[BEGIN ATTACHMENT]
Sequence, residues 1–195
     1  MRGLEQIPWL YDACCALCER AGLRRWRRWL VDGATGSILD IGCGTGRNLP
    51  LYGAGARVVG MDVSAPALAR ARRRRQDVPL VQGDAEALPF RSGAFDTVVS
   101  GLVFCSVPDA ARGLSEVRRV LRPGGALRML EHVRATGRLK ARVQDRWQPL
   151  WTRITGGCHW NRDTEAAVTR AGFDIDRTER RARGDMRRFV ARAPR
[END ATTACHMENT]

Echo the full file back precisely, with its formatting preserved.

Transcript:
Sequence, residues 1–195
     1  MRGLEQIPWL YDACCALCER AGLRRWRRWL VDGATGSILD IGCGTGRNLP
    51  LYGAGARVVG MDVSAPALAR ARRRRQDVPL VQGDAEALPF RSGAFDTVVS
   101  GLVFCSVPDA ARGLSEVRRV LRPGGALRML EHVRATGRLK ARVQDRWQPL
   151  WTRITGGCHW NRDTEAAVTR AGFDIDRTER RARGDMRRFV ARAPR